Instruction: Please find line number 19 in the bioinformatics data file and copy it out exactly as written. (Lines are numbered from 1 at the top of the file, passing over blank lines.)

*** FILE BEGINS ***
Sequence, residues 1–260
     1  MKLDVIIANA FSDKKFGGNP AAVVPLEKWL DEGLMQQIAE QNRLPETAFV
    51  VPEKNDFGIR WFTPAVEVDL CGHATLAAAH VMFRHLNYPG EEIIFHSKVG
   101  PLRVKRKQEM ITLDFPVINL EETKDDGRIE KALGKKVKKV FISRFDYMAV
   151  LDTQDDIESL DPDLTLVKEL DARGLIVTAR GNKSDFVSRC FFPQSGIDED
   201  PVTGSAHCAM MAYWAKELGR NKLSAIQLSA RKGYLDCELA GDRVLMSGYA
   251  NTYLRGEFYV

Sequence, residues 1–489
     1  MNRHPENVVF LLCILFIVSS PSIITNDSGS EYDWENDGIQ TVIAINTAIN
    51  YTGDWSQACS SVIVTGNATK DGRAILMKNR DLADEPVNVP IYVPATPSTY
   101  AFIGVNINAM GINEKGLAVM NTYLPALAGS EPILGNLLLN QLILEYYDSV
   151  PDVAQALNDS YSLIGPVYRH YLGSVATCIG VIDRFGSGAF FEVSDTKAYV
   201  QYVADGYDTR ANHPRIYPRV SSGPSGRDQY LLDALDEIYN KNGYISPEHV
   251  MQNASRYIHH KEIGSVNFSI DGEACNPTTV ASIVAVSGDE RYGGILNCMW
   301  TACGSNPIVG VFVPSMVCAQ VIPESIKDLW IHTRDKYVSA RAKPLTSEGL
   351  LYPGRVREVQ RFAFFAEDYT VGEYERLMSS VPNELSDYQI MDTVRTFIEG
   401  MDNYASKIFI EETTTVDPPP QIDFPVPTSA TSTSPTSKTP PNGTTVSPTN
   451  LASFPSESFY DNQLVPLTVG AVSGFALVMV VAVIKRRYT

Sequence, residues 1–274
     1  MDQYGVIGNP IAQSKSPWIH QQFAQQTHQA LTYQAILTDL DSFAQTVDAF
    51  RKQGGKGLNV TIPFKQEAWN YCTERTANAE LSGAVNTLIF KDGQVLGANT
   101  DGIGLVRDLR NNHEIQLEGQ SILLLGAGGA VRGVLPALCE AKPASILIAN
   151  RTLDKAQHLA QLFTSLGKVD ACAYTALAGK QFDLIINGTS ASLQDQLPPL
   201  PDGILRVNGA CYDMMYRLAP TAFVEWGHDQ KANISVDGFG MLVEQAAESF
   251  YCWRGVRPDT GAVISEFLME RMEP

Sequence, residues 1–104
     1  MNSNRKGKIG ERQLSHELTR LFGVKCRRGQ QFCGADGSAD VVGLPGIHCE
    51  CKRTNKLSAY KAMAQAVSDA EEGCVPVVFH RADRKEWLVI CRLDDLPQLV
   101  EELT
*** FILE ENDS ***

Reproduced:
Sequence, residues 1–274